How long do hard inquiries impact my credit score?

Generally speaking, hard pulls stay on your credit report for one or two years. Whenever a hard inquiry is made on your credit report, your credit score may drop down by a few precious points. However, the good news here is that – the impact of a hard inquiry drops over time. And, your credit score bounces back to normal after a few months. 

Can I remove a hard inquiry from my credit report?

It’s not possible to remove a proper hard inquiry from your report. However, suppose the inquiry was made without your knowledge (when you have not applied for new credit). In that case, you can approach the credit bureau to remove the associated hard inquiry from your credit report.

If you notice any unusual hard pull on your credit report, then you can dispute it. To file a dispute, follow the steps listed below:

  • Contact the credit bureau and inform them that the inquiry is made without your permission.
  • Contact the lender who has made the hard pull and let them know that you’ve raised a dispute.
  • Once you have notified both the credit bureau and the lender, it takes around 30 – 45 days to investigate and resolve the issue.

How to reduce the impact of hard pulls on your credit?

Check your credit score frequently

Checking your own credit score will never impact your credit. It helps you stay on top of your credit scores and notice any errors. If you see any unrecognised hard pulls, make sure to raise a dispute with the credit bureau. Checking your credit score is hassle-free with CreditMantri. All you have to do is provide a few personal details, and your latest score is sent directly to your inbox.

Do not apply for multiple loans within a short time

If you want to reduce the impact of hard pulls, try to avoid making multiple loan/credit card inquiries quickly. The easiest way to prevent numerous hard inquiries is to use a loan/credit card aggregator.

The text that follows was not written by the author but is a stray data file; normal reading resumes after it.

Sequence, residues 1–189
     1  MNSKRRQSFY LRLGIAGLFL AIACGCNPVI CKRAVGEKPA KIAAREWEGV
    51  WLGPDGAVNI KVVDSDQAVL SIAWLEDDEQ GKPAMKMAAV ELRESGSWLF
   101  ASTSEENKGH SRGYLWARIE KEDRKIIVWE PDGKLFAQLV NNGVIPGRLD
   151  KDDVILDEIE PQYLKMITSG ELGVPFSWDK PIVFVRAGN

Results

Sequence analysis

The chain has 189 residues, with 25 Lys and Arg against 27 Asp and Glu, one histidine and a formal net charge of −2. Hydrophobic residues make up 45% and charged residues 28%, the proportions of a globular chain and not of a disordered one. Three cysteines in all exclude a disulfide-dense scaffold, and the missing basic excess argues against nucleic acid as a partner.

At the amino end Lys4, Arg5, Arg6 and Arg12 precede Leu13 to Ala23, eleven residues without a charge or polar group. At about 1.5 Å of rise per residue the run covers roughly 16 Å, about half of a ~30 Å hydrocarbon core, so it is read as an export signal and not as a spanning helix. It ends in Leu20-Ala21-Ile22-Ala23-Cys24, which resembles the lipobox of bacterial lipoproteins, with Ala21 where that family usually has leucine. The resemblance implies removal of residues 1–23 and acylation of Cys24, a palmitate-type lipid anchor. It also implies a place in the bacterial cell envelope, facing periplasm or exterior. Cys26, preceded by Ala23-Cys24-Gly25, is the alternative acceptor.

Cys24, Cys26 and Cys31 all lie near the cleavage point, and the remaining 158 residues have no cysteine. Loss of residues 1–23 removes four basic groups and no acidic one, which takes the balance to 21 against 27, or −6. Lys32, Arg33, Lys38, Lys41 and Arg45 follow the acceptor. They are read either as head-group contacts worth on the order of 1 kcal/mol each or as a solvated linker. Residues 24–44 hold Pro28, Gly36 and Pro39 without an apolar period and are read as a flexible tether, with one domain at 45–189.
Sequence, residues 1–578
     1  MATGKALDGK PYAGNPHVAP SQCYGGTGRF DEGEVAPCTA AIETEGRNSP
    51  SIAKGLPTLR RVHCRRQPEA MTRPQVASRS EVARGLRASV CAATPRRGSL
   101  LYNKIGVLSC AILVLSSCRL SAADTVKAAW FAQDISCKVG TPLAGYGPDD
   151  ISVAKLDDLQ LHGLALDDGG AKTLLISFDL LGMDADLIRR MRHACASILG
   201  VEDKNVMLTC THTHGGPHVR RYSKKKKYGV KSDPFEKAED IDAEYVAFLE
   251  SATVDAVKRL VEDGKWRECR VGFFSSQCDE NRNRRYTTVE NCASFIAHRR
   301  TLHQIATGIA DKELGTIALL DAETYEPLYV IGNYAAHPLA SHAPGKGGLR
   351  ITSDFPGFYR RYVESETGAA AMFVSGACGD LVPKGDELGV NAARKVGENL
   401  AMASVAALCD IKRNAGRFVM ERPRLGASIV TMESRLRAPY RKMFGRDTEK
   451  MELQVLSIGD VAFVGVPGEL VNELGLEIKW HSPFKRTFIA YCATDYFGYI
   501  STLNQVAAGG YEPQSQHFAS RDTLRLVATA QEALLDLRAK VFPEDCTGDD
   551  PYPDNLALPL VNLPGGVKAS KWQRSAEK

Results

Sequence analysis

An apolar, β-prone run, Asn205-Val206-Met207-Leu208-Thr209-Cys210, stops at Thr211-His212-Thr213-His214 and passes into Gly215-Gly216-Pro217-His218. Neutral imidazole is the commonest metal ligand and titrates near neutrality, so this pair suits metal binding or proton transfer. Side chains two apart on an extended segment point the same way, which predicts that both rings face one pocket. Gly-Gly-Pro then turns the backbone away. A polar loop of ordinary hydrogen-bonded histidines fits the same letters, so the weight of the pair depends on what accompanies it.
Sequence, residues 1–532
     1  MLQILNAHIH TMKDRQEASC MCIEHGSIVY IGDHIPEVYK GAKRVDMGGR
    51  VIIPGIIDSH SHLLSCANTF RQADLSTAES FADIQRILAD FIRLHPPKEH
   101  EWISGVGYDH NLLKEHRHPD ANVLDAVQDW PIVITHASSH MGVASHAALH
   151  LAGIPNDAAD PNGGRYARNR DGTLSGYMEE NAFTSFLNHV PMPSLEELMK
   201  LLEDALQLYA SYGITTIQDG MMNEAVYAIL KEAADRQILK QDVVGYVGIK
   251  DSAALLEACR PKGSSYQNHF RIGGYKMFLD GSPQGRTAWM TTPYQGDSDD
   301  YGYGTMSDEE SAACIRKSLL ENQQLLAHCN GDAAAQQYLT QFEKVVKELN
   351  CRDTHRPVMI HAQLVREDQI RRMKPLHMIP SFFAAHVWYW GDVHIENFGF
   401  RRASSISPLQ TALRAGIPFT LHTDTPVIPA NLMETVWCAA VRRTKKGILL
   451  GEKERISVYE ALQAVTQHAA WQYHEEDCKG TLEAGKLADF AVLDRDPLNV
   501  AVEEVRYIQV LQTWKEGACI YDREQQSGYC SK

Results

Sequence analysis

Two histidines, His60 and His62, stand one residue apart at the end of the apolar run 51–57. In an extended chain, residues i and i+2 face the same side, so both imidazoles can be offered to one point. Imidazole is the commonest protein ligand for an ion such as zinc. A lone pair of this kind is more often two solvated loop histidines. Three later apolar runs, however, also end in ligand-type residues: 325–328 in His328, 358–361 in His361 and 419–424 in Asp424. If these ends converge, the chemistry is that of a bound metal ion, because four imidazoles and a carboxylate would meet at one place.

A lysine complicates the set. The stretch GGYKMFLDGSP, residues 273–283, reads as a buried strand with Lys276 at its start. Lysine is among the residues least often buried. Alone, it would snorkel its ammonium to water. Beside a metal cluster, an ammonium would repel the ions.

CreditMantri is an excellent example of a credit card/loan aggregator. You are presented with a list of the top loans/credit cards matched to your credit profile. This way, you don’t have to submit separate applications with each lender, thereby reducing the number of hard inquiries made on your credit report.

Similarly, if you’re shopping around for the best interest rates, make sure you submit all the applications within a short timeframe. This way, credit bureaus track this as a single credit inquiry, which reduces the damage to your credit score.

Finally, don’t worry too much about Hard Inquiries

Though hard pulls can make your credit score drop down by a few points, they do not have a massive impact on your overall credit score. Other factors like credit utilisation ratio, length of your credit history, credit card balances, and on-time payments play a more significant role in impacting your credit score.

Final Thoughts

Hard and soft pulls are a regular part of your financial life. Though hard inquiries can pull down your credit score, the impact is minimal and drops off your credit report after two years. Soft pulls, on the other hand, have no effect on your credit score. You can check your credit report any number of times without worrying.

When you practice other good credit habits like paying your bills on time, maintaining low credit utilisation rates, the occasional hard pull made by a lender will only have minimal impact on your credit scores.